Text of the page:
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1 The Unequal Pursuit of Happiness? Inequality in Agency, Optimism, and Access to the American Dream Carol Graham The Brookings Institution UNLV November.

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Presentation on theme: "1 The Unequal Pursuit of Happiness? Inequality in Agency, Optimism, and Access to the American Dream Carol Graham The Brookings Institution UNLV November."— Presentation transcript:

1 1 The Unequal Pursuit of Happiness? Inequality in Agency, Optimism, and Access to the American Dream Carol Graham The Brookings Institution UNLV November 20, 2014

2 2 Unequal Dreams? Insights from Happiness Economics The pursuit of happiness is in the U.S. Declaration of Independence – not about guaranteed outcomes but about opportunities to seek fulfilling lives; grounded in Aristotle and Mill; combines individual freedom and social justice. Is the American Dream and the right to the pursuit of happiness equally available to all citizens today? U.S. is more unequal by any number of measures; are U.S. attitudes about inequality and opportunity still exceptional? Opportunity attitudes affect individual choices about investments in the future. Does the increasingly unequal distribution of opportunity mean that disadvantaged cohorts of society are more likely to focus on the short term, at the expense of investments in their own and their children’s futures? Insights from the new “science” of well-being measurement

3 3 A new science? Until five or so years ago, I was one of a very small number of seemingly crazy economists using happiness surveys, and surely the only one working on developing economies Today the study of well-being has become an entire new approach in the social sciences, entailing collaboration between economists, psychologists, medical doctors, and geneticists among others Remarkable interest in the policy community; reflects the work of many academics, and experiments like those of Bhutan (and now the UK) that have taken the science and the metrics seriously; UN; OECD guidelines; NAS panel on well-being metrics for policy and U.S. statistics. The metrics give us novel insights into age-old policy questions. Help explain why individual behavior so often departs from standard economic models, in which humans are assumed to be hyper-rational utility maximizers. Instead, the metrics help us understand homo sapiens.

4 4 The approach Based on surveys of reported well-being rather than on observed consumption choices Can answer questions as diverse as: effects of commuting time on well- being; why cigarette taxes make smokers happier; why the unemployed are less unhappy with higher unemployment rates; and why people of the same income level are less happy when they live in wealthier neighborhoods. Method well-suited for questions that revealed preferences (the basis of economic models) do not answer - situations where individuals do not have the agency to make choices and/or when consumption decisions are not the result of optimal choices. a) macro/institutional arrangements individuals cannot change – like inequality b) behaviors driven by norms, addiction or self-control problems

5 5 Happiness and Income per Capita

6 6 Happiness and Age!

7 7 Happiness patterns across the world Happiness and age (figure) Income Health Employment Marriage (you can’t be happier than your wife…) Friendships Gender (less clear)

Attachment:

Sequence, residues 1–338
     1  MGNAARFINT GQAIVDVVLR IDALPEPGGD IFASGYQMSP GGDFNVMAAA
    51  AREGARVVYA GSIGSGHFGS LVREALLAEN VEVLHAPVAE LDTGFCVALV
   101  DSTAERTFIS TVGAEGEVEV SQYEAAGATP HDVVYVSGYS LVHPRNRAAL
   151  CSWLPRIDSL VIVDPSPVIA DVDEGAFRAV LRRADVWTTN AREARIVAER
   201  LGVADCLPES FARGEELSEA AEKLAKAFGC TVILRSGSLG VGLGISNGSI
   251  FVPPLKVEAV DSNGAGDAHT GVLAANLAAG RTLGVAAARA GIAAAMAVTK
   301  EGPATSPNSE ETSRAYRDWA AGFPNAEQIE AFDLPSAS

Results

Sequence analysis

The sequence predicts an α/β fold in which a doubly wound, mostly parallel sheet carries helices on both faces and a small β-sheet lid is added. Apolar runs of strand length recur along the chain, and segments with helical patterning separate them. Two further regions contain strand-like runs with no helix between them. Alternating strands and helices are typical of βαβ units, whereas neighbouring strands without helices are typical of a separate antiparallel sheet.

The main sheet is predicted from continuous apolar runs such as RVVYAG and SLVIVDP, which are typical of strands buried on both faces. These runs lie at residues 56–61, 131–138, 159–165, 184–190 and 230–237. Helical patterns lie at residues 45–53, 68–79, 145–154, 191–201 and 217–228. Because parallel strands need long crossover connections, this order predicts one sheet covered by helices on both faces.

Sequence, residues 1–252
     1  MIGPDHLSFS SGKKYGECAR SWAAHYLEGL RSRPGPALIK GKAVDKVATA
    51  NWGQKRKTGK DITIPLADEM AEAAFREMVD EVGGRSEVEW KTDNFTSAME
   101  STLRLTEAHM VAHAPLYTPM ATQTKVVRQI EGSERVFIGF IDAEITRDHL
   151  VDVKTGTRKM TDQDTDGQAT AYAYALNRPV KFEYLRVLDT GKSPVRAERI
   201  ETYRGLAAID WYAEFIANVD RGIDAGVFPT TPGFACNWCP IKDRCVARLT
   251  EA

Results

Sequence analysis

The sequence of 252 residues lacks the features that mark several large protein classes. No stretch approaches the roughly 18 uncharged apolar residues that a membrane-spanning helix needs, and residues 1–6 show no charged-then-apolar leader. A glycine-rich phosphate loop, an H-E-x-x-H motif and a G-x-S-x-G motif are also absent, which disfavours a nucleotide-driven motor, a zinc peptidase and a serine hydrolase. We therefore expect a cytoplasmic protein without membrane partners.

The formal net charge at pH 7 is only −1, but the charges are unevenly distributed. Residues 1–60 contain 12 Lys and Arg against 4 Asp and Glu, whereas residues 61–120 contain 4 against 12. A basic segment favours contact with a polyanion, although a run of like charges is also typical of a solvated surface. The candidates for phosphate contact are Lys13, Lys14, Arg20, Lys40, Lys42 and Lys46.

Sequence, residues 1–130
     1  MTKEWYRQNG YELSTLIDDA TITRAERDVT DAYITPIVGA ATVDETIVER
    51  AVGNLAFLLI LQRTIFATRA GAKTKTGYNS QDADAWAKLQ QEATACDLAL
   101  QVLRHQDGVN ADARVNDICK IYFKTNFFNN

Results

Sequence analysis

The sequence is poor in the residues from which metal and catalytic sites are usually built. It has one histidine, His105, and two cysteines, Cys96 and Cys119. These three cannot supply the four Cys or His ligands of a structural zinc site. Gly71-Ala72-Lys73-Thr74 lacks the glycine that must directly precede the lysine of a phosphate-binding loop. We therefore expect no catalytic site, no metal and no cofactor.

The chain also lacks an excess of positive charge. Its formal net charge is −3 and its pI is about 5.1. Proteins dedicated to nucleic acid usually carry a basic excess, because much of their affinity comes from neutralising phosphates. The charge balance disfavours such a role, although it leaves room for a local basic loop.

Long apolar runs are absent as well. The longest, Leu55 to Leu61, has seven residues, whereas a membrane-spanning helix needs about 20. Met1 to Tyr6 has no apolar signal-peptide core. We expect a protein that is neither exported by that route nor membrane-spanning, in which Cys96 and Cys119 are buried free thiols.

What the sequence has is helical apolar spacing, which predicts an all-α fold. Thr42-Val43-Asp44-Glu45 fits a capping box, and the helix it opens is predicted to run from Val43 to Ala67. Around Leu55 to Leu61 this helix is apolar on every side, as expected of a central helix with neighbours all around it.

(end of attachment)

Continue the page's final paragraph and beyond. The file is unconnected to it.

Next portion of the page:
8 8 The metrics we use Econometric equations: W it = α + βx it + ε it W is the reported well-being of individual i at time t, and X is a vector of demographic and socio-economic characteristics (which have stable patterns). Unobserved traits are captured in the error term Can then explore “happiness” effects of things that vary or change more, such as inflation and unemployment rates, environmental quality, or personal behaviors, such as smoking, exercising, and commuting time and much more Do not ask people if these things make them un/happy Despite the public focus on “happiness”, we make clear distinctions between several well-being dimensions

9 9 Bentham or Aristotle in the statistics offices? Broad agreement among scholars on two related but distinct dimensions of well-being; Jeremy Bentham: maximizing the contentment and pleasure of the greatest number of individuals as they experience their lives on a day-to- day basis – e.g. hedonic or experienced well-being. Aristotle: happiness as eudaimonia, a Greek word that combines two concepts: “eu” meaning well-being or abundance, and “daimon” meaning the control of an individual’s destiny. Falls under the rubric of evaluative well-being; implicitly includes the opportunity to lead a purposeful or meaningful life. Hedonic well-being measures better for assessing QOL and life at the moment; evaluated well-being better for assessing people’s capacities to make choices and to seek fulfilling lives

10 10 Measuring Daily Experience and Life Fulfillment Hedonic metrics (daily experience and mental states) – we measure happiness/smiling at the moment and stress and anxiety as respondents go about their daily lives (usually 0-1, yes-no scale). Evaluative metrics (respondents’ attitudes about their lives as a whole, including the ability to lead meaningful/purposeful lives) – we measure satisfaction with life, usually 0-10 scale. Individuals with more positive attitudes about future mobility are happier (and visa versa). Virtuous circle – these attitudes also linked to willingness to invest in the future and to better future outcomes Those with more limited future opportunities and lower levels of well- being (in some dimensions) – have higher discount rates – less capacity to make investments in the future and less confidence they will pay off.